Election Day comes the second Tuesday after the first Monday in November. Here are some helpful election lesson plans to get young citizens ready to be future voters.
All great lesson plans begin with some great books for building vocabulary and explaining concepts.
Here are some of my favorite children’s books on elections and voting.
Election Day by Margaret McNamara (easy reader for young elementary students)
The Class Election from the Black Lagoon by Mike Thaler & Jared Lee (from the popular Black Lagoon series, all ages seem to love this one)
Presidential Elections & Other Cool Facts by Syl Sobel (excellent for elementary through middle school)
Candidate, campaign trail, political parties, debates, vote, Election Day,
Historical Voting Trivia:
The word “ballot” comes from the Italian word “ballota” meaning little ball. What does that have to do with voting? Read on.
In ancient Greece, people voted with small black and white marbles or even pebbles dropped into voting pots.
Roman soldiers voted uses clay balls and even beans tossed into a helmet.
In colonial America people used different colors of corn or beans to cast votes in secret.
The Survey of North American Youth Rights explores youth rights including “youth suffrage” and whether or not even younger voters, age 16, should have the right to vote. Teacher and parents may find the SNARYR website information helpful and worthy of debate.
Create a voter’s rights in American History timeline. Hand out a year to students and have them come back with some research on changes in voting rights for their year. Create a timeline to showcase everyone’s research and teamwork. This works as an excellent November bulletin board idea.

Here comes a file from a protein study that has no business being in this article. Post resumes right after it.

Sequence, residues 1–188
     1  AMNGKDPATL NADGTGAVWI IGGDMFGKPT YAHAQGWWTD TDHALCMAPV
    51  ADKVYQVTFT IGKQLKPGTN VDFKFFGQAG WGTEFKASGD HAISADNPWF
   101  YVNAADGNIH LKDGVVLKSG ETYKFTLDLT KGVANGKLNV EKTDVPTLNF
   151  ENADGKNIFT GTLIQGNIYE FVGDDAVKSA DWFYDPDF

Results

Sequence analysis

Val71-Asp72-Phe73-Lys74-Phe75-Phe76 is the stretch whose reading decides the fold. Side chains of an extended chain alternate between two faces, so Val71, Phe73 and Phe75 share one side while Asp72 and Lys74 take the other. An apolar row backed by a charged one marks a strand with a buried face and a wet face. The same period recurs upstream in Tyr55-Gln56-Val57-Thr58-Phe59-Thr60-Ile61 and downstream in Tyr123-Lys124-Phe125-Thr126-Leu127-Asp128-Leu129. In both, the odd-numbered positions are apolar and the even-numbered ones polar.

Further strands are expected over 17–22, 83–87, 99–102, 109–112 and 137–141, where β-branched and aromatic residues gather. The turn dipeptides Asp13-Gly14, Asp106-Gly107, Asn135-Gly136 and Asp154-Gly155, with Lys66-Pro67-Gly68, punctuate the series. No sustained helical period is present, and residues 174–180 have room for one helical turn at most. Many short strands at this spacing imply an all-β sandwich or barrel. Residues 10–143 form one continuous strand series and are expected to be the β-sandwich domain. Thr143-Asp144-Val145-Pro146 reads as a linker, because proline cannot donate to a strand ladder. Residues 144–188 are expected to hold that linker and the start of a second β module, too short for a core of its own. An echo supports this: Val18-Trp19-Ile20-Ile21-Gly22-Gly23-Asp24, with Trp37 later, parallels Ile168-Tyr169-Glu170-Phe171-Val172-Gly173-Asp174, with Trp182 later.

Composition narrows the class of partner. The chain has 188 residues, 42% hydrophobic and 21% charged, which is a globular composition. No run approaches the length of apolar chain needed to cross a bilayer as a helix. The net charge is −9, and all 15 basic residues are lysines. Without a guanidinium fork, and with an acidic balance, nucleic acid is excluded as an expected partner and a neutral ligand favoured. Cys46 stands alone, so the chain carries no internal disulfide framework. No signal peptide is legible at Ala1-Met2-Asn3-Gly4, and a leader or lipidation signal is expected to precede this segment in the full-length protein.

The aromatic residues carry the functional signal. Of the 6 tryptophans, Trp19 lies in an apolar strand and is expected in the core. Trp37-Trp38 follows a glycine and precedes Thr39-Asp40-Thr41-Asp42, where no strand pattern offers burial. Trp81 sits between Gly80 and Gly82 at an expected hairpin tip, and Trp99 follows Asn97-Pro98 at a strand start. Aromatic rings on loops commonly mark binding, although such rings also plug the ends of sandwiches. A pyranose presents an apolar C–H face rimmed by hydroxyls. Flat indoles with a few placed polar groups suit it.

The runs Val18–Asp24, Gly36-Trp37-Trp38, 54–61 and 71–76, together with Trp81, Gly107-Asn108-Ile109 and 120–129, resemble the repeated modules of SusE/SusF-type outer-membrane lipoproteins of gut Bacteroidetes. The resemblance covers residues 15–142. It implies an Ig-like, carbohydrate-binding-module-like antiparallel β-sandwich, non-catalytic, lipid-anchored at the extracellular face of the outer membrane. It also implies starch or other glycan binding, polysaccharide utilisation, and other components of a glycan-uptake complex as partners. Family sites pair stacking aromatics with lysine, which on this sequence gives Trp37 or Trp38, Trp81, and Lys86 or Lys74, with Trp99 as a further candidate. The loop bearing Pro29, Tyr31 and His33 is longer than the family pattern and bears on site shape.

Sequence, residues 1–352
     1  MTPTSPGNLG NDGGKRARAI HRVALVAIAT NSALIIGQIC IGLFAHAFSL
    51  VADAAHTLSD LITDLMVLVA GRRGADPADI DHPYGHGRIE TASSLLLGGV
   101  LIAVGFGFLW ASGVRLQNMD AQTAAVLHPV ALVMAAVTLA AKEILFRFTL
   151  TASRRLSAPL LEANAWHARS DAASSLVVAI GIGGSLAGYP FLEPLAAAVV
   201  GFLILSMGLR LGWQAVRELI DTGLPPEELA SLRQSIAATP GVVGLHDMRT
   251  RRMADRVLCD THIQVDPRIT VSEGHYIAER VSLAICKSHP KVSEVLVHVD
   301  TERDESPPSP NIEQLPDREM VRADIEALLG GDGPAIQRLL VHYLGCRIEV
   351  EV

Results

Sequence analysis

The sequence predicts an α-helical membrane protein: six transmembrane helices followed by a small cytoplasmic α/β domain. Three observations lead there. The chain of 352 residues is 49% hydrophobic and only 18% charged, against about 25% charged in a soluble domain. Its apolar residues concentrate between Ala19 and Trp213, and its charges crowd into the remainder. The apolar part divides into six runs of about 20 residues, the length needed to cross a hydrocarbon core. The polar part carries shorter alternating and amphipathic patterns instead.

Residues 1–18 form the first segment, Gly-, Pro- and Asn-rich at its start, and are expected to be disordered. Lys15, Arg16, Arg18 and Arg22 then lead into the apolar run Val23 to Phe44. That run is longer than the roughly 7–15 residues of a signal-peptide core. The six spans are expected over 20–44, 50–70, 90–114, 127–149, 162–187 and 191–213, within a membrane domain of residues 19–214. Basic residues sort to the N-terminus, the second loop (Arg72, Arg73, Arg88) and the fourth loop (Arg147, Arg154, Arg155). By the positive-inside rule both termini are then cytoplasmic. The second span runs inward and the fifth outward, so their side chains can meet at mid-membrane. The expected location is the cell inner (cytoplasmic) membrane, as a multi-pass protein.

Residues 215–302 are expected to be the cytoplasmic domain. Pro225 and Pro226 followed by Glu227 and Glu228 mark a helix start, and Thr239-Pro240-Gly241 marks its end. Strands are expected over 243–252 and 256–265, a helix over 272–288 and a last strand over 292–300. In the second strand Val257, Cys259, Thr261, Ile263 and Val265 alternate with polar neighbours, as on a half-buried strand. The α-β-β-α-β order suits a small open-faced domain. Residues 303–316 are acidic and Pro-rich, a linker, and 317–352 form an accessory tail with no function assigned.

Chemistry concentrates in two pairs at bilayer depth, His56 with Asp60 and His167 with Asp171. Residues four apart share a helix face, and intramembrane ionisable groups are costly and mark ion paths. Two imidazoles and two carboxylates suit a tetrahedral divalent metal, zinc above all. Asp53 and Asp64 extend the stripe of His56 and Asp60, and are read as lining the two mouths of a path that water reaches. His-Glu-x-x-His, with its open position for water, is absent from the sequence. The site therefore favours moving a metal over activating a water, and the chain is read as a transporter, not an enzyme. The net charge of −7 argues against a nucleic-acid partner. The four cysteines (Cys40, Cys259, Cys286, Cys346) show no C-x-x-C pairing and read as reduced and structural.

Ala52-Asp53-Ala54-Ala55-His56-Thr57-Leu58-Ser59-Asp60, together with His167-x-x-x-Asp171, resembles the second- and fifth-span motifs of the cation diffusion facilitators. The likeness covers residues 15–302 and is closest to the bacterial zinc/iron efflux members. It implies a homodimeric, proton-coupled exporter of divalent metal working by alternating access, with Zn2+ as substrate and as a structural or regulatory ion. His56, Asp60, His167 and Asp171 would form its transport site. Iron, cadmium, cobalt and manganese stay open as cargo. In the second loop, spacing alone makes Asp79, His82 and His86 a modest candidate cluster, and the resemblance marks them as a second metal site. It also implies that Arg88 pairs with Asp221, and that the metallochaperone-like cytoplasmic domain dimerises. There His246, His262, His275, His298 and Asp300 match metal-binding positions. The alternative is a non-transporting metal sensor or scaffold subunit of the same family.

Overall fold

Fast facts for teachers and parents: Key years are 1789, 1821, 1870, 1920, 1965, 1971
Create campaign stickers, campaign buttons or campaign posters. Of course today’s technology savvy kids can create campaign commercial videos.
Social studies and math:
Divide into small groups and have students come up with their own system of voting. Encourage them to be creative. Try each idea and discuss the pros and cons of each.
Ideas from students have included the colored paper clip voting system in which each voter has a red and a blue paper clip. They will toss in the red for one candidate or blue for another. No one will know which paperclip voters still have unless they choose to show it.
Of course students should be aware of upcoming elections in their own state including who is running and for which positions. Have students research the voting locations in their area and create maps illustrating voting locations.
Personal teaching experience in elementary & middle school classrooms
AppleSeeds magazine, September 2008